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'Shoftim' means judges and opens with how judges should act, followed by how the Levites should be treated. It deals with laws relating death: specifically to unwitting killers, war and what should be done when a corpse is found in a field and nobody knows who murdered the person.

Another voice

Shoftim by Jonathan Boyd :: 5768

Jonathan Boyd is Executive Director of JPR / Institute for Jewish Policy Research.

In Parshat Va'etchanan, which we read a few weeks ago, there is a rather strange short interlude in the narrative just before the repetition of the ten commandments, which describes how Moses established "cities of refuge| – places to where the accidental killer can flee and gain sanctuary. I have often wondered whether the placement of this text is entirely deliberate: the only one of the ten commandments of which Moses himself was actually guilty was lo tirtzach – thou shalt not murder – and after he killed the nameless Egyptian and buried him in the sand, he himself fled to Midian to seek refuge. Some may regard Moses’s violent act as heroic – indeed, it is often portrayed as such – but was Moses haunted by it for his entire life? Did he in some way equate, on the grounds of his belief in the pursuit of justice, his own deliberate killing with an accidental one? And did he, at this critical moment just before reiterating the ten commandments, seek compassion and understanding for his own transgression of one of the laws he was about to decree?

It may be that this week's parsha, Shoftim, adds some fuel to this idea, as it refers once again to the cities of refuge, and includes the famous dictum tzedek tzedek tirdof (justice, justice, shall you pursue). Moreover, parshat shoftim is always read on the first Shabbat of the month of Elul – traditionally the period of reflection and repentance leading up to yamim noraim (the High Holy Days). Indeed, there is a beautiful Chassidic idea that draws a parallel between the cities of refuge and Elul – the former being a sanctuary in space for contemplation and atonement, the latter being a similar sanctuary in time. So at this very particular juncture in the Jewish year, the notions of a sanctuary in time, accidental wrongdoing, and the pursuit of justice coalesce in an intriguing and challenging way, and invite us to steady ourselves on the path to teshuva (repentance).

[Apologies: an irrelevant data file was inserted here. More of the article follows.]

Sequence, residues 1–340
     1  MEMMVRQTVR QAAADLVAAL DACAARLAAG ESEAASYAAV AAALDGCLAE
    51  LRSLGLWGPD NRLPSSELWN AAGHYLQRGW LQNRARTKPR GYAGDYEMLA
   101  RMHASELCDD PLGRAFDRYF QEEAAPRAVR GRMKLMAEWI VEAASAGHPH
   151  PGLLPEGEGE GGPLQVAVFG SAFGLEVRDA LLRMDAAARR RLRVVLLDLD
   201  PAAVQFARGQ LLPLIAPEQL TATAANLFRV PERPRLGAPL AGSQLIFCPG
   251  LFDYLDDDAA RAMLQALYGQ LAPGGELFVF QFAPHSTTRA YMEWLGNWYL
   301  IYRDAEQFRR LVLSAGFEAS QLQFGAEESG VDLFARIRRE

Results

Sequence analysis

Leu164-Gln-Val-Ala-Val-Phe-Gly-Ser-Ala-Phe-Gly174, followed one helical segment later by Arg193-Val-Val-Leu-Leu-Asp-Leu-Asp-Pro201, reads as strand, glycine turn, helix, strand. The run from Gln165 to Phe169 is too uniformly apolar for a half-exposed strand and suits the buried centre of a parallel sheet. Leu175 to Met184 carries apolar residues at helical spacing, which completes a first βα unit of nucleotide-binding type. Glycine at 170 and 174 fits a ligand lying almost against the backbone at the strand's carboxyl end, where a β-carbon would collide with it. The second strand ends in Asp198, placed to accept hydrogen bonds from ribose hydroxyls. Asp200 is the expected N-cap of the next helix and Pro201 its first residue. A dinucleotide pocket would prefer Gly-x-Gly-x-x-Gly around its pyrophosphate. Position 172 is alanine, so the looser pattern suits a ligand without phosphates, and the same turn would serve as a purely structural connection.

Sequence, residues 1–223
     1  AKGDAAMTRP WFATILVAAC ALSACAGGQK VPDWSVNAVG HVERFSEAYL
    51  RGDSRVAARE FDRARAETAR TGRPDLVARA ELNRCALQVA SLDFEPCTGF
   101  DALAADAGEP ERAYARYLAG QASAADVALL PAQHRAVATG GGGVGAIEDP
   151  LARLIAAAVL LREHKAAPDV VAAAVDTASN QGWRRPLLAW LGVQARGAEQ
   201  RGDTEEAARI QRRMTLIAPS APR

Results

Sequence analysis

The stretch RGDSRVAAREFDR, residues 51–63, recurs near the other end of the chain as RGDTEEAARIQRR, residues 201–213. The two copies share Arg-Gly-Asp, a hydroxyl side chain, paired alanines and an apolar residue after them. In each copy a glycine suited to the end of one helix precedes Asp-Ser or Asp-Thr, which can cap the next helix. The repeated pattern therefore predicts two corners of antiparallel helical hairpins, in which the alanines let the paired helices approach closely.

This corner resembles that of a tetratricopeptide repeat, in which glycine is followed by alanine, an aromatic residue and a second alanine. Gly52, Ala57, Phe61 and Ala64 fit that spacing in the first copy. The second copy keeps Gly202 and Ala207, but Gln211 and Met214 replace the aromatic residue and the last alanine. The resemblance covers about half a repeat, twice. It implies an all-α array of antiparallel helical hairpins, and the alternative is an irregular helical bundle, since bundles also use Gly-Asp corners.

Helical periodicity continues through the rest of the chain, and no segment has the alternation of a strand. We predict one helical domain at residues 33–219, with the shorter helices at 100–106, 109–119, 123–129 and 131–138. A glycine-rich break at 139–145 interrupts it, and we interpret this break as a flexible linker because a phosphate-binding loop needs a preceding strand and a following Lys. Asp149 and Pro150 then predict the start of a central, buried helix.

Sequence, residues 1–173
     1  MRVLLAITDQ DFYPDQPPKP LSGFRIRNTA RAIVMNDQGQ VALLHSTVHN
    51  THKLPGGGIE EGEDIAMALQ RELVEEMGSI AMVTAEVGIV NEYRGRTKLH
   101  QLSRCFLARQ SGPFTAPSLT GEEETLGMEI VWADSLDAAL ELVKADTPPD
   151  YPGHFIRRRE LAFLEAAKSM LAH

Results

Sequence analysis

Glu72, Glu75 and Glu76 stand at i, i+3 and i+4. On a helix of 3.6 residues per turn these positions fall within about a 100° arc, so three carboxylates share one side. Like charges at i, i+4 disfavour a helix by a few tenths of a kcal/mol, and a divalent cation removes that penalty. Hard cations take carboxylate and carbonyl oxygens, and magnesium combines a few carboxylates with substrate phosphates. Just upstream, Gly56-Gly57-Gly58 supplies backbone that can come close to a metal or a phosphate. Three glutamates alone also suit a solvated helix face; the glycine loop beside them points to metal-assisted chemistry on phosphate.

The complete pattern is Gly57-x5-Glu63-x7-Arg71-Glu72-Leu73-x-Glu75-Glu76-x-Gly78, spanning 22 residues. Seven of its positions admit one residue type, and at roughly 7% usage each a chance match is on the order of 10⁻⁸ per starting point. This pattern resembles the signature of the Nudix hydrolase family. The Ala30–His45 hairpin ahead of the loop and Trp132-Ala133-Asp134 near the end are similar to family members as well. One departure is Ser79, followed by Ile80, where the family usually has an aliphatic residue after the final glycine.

According to the Rambam, the pathway to a physical city of refuge is meant to be as clear as possible. In the Mishneh Torah, he writes that "the court is obligated to straighten the roads to the cities of refuge, to repair them and broaden them. They must remove all impediments and obstacles ... bridges should be built [over all natural barriers] so as not to delay one who is fleeing [to a city of refuge]. 'Refuge' should be written at every crossroads so that the murderers should recognize the way and turn there." The Chassidic parallel above perhaps leads to a similar conclusion about the temporal refuge that is Elul. Justice in this instance would be for us to clear and repair every possible route to allow those who have done wrong – whether accidentally or deliberately – to be given some respite and a little sanctuary in order to reflect on, and make amends for their actions. We would often like others to make it as easy as possible for us to apologise for our own misdemeanours; but are we making it as easy as possible for them to do likewise for theirs?

Elul is a signpost at a crossroads in our lives. Judaism gives us this brief window in the year to clear the pathways towards our own atonement, and that of others. Many of us live, as perhaps Moses did, under the various weights of misdemeanours committed long ago that were never resolved, and with a longstanding wish for compassion and understanding for that wrongdoing. Now is the time to clear away all the existing impediments and build all the necessary bridges towards achieving those resolutions. Doing so may just bring a little more justice to the world.


More by Jonathan Boyd

Another voice by Taste of Limmud Team

The opening words of Shoftim are 'Judges and officers shall you appoint in all your cities'. The Hebrew word for you (male) is lecha which can also mean 'to you'. Rabbi Moshe Feinstein says that in addition to appointing judges in your cities one should be a judge over oneself. It is very easy for us to justify our behaviour because we rationalise that it is ok because we know our inner thoughts. A judge is not allowed to give a person the benefit of the doubt and we also should not give ourselves the benefit of the doubt. As we have just entered the month of Elul, it is a time to do teshuvah (repentance) and think about our past actions and how we will behave in the future. Judge yourself truthfully!


More by Taste of Limmud Team

Other Divrei Torah on Shoftim

  • 5766 (Marc Soloway)
  • 5767 (Moshe Bleich)
  • 5767 (Taste of Limmud Team)
  • 5769 (Leonie Lewis)
  • 5769 (Martin Glasser)
  • 5770 (Jonathan Boyd)
  • 5770 (Paul Turner)
  • 5771 (Daniel Reisel)
  • 5773 (Anna Gerrard)
  • 5774 (Jeremy Tabick)
  • 5774 (Limmud On One Leg Team)